To support himself, Zerdahelyi worked as a music teacher at Chickering & Sons, America’s foremost manufacturer of pianos.

On May 17, 1861, Zerdahelyi enrolled in the 39th New York Infantry Regiment, eventually attaining the rank of second lieutenant. After the war he relocated to Philadelphia, Pennsylvania, where for many years he was professor of music at Sacred Heart Convent. He died on Aug. 16, 1906.

An engineer by education, George Grecheneck was a first lieutenant during the War of Liberation. Following the victory of the Hapsburg and Czarist armies, he fled to the Ottoman Empire. Becoming a member of Kossuth’s entourage, he shared the entire Turkish internment with the former Governor. On Sept. 10, 1851, Kossuth, Grecheneck, and some fifty other exiles boarded the Mississippi, a warship dispatched by the government of the United States to convey Kossuth and his companions to America. While Kossuth disembarked at Gibraltar to make a whirlwind tour of Great Britain, Grecheneck and the rest continued their voyage, reaching New York harbor on November 10. Kossuth arrived on December 5 and Grecheneck acted as one of his bodyguards during his visit to New England.

After Kossuth’s return to Europe in July 1852, Grecheneck made his home in Boston. Like Zerdahelyi, he was one of the émigrés constituting George Luther Stearns’s Hungarian circle.

A few years later, Grecheneck, accompanied by fellow exile Albert de Zeyk, moved to Webster City, a booming community in northwestern Iowa. Extolling the location, character, and business opportunities possessed by Webster City, the traveling correspondent of the Dubuque Express and Herald wrote in the paper’s Dec. 15, 1857, issue:

"No one can become acquainted with the inhabitants of Webster City and not be pleased with them and the town. [...] Extensive preparations are making for building during the coming spring. [...] A handsome and durable bridge is now being thrown across the Boone river near the center of the town, north and south, which connects the town with a beautiful addition on the east side recently laid out by Messrs. Grechenek and de Zeyk, Land Agents, Civil Engineers and Surveyors, of Webster City. These gentlemen are Hungarians, and were with Kossuth during the memorable struggle of Hungary for freedom. They purchased largely in this place, and have done much by their activity and enterprise for the advancement of its interests."

Grecheneck enrolled in the 72nd New York Infantry Regiment on May 22, 1861, and was mustered in as captain of Company A on June 21. Seriously wounded in the battle of Williamsburg, Virginia, on May 5, 1862, he succumbed to his injuries on May 17.

Hugo Hollan, a native of the city of Szombathely, was the son of a physician. At the beginning of the War of Liberation he was a cavalry lieutenant in the Imperial Army, stationed in the Empire’s Czech dominions. Heeding the call of the revolutionary government for Hungarian soldiers to return to defend the country, he and some 200 of his comrades deserted. Fighting their way through hostile territory, they reached the Hungarian border eight days later, on Oct. 28, 1848.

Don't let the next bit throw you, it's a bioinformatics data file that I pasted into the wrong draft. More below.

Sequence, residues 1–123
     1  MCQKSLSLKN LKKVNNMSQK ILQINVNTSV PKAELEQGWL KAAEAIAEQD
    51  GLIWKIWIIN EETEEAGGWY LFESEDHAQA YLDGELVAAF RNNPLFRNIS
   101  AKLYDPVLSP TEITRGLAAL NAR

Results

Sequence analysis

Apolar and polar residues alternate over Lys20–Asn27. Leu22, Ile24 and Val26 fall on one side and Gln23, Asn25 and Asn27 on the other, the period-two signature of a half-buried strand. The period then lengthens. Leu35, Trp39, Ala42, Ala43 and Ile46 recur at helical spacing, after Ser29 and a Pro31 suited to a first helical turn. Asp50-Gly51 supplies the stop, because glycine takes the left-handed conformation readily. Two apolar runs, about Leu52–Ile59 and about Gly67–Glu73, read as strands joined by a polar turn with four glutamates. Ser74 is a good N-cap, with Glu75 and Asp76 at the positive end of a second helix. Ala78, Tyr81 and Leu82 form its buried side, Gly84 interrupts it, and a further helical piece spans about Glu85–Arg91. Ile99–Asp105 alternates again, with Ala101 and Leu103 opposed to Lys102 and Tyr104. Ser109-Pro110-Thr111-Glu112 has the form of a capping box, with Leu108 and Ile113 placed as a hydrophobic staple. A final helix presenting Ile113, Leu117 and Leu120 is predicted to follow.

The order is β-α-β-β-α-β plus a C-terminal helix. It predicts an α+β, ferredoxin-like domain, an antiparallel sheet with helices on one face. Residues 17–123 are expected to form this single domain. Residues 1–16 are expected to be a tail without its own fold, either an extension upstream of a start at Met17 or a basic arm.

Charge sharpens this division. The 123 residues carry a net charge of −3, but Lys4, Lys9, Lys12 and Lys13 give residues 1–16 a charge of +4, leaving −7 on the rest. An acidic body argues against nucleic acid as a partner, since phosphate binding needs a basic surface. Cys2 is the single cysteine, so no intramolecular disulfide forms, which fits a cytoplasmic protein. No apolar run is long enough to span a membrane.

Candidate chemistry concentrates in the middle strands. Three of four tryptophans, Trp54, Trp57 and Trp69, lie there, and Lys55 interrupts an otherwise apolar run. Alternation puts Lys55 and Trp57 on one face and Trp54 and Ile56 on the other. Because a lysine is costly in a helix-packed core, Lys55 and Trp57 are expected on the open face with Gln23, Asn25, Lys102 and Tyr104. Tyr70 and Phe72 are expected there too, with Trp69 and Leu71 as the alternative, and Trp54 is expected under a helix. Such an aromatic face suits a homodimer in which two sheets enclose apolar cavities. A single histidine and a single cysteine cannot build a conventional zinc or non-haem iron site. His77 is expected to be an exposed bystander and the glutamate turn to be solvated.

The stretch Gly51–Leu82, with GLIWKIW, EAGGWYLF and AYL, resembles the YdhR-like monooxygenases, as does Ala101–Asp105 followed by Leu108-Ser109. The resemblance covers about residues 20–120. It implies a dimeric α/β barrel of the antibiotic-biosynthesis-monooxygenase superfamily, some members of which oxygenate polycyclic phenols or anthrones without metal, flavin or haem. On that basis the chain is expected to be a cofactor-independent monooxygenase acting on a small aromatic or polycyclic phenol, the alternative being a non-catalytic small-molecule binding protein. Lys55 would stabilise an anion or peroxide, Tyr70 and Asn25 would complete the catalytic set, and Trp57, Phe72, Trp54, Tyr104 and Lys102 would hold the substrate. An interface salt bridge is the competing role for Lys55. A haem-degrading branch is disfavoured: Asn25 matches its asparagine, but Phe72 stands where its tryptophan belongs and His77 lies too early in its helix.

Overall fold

Hollan rendered distinguished service against the Hapsburg forces and their Czarist allies. Following the defeat, he fled to the Ottoman Empire and served in the Turkish army for a short time. In the final days of 1851 he left the Near East aboard a ship in the company of several other exiles, among them John Fiala and Anselm Albert. They sailed to Marseilles, France, and from there to New Orleans, arriving just as Kossuth was visiting the Crescent City.

Upon commencement of hostilities between North and South, Hollan enrolled in the 10th Illinois Infantry, a three-month regiment. He then became an instructor of cavalry maneuvers at Camp Butler, near Springfield, Illinois, before assuming command, with the rank of major, of a Missouri cavalry battalion, known appropriately enough as the Hollan Horse.

Pillaging by both sides was a common occurrence throughout the conflict, especially in Missouri, and Hollan and his men were among those who showed scant respect toward the lives and property of civilians.

For their wanton acts, General J. M. Schofield detained the entire unit near Warrenton. According to General Schofield’s irate report of Jan. 2, 1862: “These men had preceded me only a few days, but they had already murdered one of the few Union men in that vicinity and committed numerous depredations upon the property of peaceful citizens. [...] Their officers either connive at it or else have no power to restrain their men. I cannot trust them out of my sight for a moment, [...] I therefore urgently request [...] that I be authorized to dismount and disarm Major Hollan’s battalion [...] I will as soon as possible forward charges against Major Hollan, Captain Winkel, and the men I have arrested.”